Sarah Boonin, JD ’04
Sarah Boonin is Clinical Professor of Law and Associate Director of Clinical Programs, Suffolk University.
She teaches in the areas of mental health and disability law, women’s reproductive health, and legal ethics. She designed and teaches Suffolk’s first Health Law Clinic. The Clinic provides students with an opportunity to hone their legal skills under closer supervision through live client practice in the areas of guardianship, Social Security disability practice, and health care benefits. Boonin and her clinical students specialize in serving clients with complex mental health needs. Boonin serves as the Associate Director of Clinical Programs and is a faculty affiliate to the Center for Women’s Health and Human Rights.
Prior to joining Suffolk’s faculty, Boonin spent five years teaching and practicing in a family law and domestic violence clinic at the Legal Services Center of Harvard Law School. There, she launched and ran a medical-legal collaboration with Boston-area hospitals aimed at providing comprehensive legal services to low-income survivors of domestic violence. Boonin received the prestigious two-year Skadden Fellowship to launch the program.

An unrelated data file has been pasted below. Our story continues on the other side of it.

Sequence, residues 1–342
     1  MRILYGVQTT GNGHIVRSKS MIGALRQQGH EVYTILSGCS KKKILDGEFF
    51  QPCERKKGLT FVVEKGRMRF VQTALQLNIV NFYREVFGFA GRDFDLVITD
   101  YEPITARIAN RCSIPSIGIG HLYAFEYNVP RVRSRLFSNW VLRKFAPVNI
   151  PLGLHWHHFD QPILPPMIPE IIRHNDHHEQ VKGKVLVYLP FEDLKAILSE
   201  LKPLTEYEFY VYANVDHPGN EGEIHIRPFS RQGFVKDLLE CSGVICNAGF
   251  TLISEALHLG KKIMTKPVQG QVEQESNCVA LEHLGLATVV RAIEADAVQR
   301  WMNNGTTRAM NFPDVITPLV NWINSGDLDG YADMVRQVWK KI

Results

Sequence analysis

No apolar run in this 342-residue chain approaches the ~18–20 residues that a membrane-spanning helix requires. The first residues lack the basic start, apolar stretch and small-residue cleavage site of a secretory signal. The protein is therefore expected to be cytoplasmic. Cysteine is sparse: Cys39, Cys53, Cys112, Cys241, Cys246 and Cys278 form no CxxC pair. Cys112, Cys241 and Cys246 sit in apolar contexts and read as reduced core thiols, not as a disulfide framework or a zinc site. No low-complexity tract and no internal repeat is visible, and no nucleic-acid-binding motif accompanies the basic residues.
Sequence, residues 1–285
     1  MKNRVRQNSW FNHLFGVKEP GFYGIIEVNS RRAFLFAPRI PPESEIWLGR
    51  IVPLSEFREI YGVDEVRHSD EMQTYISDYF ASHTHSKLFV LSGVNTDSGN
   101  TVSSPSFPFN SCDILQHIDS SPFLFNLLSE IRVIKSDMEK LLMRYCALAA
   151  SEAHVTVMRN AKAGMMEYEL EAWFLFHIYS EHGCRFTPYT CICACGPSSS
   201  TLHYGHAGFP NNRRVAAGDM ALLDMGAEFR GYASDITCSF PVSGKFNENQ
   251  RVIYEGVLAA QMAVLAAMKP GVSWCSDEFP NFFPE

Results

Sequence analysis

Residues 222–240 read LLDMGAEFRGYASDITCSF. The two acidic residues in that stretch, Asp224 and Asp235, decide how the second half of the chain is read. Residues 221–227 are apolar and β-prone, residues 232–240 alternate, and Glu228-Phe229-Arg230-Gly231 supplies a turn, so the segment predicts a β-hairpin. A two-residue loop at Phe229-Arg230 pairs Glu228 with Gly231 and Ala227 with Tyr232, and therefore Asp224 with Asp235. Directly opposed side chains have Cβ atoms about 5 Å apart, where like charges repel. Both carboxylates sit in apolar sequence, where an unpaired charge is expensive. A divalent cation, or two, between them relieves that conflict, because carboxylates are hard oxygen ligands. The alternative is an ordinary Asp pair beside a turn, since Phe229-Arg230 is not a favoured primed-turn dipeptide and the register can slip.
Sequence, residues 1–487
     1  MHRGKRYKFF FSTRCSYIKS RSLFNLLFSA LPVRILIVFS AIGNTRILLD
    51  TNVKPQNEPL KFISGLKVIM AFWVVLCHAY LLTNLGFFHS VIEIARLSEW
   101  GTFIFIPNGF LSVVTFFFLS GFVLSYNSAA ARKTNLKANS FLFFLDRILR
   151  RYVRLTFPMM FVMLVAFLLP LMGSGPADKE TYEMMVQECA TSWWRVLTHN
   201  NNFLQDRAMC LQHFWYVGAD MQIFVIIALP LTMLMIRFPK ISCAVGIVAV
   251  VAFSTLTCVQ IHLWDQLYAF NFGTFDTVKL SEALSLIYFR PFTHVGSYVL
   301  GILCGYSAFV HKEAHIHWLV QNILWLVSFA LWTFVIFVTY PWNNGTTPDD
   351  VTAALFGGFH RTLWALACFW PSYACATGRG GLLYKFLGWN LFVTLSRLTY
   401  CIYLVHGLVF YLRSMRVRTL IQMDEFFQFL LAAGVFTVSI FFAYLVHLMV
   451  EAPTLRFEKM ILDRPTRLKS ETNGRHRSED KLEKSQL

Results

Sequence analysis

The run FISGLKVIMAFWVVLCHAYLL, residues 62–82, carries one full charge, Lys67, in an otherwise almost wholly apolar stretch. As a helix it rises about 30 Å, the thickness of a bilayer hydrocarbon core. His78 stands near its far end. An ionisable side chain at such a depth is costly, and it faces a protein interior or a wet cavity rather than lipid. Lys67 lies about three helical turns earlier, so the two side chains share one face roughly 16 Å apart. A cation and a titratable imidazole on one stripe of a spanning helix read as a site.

Immediately after graduating from Harvard Law School, Boonin served as a law clerk to the Honorable Justice Judith A. Cowin of the Supreme Judicial Court of Massachusetts. Prior to law school, she worked for four years for a national women’s rights organization on issues of reproductive health and rights.
Boonin is the recipient of numerous awards and honors, including being named Health Law Attorney of the Month by Health Law Advocates; receiving the Meg Connolly MVP Award from Senior Partners for Justice and the Volunteer Lawyers Project; and being named one of Massachusetts Lawyers Weekly’s Up and Coming Lawyers in 2010. She was awarded the Champion for Social Change Award by Suffolk Law School Student Bar Association in 2016.
Boonin is Vice President of the Massachusetts Guardianship Association, serves on the Steering Committee of the Massachusetts Guardianship Policy Institute, and is a member of the Administrative Justice Committee of the Supreme Judicial Court’s Access to Justice Commission.
She holds her B.A. from Duke University and law degree from Harvard Law School.